After that debacle I felt defeated and I slowly retreated back upstairs. In my head I was starting to build up a greater barrier from my false pride and self-pity. I did not want to be a burden so I foolishly put off trying again for awhile thus making “the little step” even bigger. The rectangular piece of wood now represented my loss of independence and highlighted my temporary fragile physical state.
Isn’t it curious how sometimes we can build imaginary walls? In a weakened condition we can blow out of proportion a challenge and thus box ourselves out of life. I made my predicament much greater than it needed to be and it resulted in negative emotions and a feeling of isolation. I was vulnerable as a result of my physical being, but I did not need to be emotionally disabled too.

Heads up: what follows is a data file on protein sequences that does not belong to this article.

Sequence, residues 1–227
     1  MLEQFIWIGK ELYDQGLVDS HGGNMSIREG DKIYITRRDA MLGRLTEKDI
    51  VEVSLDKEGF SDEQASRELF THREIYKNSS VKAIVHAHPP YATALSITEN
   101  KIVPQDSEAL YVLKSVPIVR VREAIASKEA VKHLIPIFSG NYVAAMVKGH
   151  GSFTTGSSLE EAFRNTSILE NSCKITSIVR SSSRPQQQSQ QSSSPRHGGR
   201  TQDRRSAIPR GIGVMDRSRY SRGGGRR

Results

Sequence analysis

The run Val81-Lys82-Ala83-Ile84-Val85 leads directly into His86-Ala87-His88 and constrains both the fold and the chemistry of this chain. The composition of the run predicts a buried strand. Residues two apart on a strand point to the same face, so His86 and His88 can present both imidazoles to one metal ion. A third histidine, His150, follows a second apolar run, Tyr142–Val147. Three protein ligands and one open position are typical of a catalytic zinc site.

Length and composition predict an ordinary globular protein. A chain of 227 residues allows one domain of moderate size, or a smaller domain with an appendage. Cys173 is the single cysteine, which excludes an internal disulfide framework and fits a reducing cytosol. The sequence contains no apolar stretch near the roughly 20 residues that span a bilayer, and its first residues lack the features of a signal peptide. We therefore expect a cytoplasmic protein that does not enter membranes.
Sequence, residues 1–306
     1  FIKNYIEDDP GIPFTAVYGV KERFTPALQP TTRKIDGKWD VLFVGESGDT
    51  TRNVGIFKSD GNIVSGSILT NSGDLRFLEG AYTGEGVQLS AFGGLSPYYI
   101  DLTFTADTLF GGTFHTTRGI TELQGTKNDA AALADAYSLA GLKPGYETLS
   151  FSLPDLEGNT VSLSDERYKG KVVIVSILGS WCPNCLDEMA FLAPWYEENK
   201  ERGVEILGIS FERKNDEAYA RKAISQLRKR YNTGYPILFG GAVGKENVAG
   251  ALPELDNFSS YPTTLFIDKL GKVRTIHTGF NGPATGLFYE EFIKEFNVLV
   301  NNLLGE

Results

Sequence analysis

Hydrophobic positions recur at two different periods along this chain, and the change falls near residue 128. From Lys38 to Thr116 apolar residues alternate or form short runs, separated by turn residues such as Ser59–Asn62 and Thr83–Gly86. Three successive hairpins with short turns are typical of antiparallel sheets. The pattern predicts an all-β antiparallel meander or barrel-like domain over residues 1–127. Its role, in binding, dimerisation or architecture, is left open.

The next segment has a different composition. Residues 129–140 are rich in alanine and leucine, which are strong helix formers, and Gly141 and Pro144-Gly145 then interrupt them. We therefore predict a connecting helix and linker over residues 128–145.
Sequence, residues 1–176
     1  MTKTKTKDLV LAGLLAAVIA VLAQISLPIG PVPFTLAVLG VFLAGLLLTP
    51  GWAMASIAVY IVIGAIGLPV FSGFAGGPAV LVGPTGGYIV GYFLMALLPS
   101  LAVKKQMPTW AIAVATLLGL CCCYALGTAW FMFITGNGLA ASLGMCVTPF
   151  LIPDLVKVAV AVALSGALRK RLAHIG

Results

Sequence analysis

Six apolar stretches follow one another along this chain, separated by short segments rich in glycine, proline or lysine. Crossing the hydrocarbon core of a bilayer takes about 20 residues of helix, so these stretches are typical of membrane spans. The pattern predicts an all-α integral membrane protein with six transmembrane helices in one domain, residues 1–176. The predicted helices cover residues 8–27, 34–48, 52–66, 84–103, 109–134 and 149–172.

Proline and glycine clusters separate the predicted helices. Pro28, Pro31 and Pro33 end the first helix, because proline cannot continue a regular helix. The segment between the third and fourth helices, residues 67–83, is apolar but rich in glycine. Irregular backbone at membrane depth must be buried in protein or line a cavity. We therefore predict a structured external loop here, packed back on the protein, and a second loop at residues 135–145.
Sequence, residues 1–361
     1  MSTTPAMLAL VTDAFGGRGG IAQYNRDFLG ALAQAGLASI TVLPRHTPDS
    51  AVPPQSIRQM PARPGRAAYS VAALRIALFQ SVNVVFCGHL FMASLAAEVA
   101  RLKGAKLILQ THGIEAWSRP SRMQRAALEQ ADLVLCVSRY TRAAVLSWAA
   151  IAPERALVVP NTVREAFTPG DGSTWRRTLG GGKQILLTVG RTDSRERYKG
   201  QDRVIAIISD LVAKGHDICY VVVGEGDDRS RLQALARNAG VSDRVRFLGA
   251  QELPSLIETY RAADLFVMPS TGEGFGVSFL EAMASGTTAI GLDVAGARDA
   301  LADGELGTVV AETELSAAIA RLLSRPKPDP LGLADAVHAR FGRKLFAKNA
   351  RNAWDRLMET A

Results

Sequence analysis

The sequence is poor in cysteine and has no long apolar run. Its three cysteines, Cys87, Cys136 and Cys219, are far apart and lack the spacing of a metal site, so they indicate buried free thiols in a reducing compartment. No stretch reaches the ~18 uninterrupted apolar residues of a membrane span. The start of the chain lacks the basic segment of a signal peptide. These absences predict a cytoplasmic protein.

“Stand up to your obstacles and do something about them. You will find that they haven’t half the strength you think they have.” (Norman Vincent Peale)
My sister , who works with elderly patients, came to my rescue when I told her about my plight. She suggested that I place one of the kitchen chairs next to the top of “the little step”. I could easily lean onto the low seat from the carpet with my walker, sit, and swivel around to access my knee scooter. Wow! What a simple fix. I was so busy concerning myself with what I could NOT do that I did not see what I COULD do.
I learned a lot from that experience and I hope in the future when life gives me another challenge that I can pull the focus away from the negative and put it back on to the positive where it belongs.
We all will have difficulties in our lives and I hope we can see through the moments of disappointment or despair and mine deeper to find the treasures that we still have.
Each time that I go down “the little step” I smile and realize how far I have come. It looks so silly and insignificant to me now and I wonder how I let it become so big.
Don’t get caught building false barriers, construct bridges instead.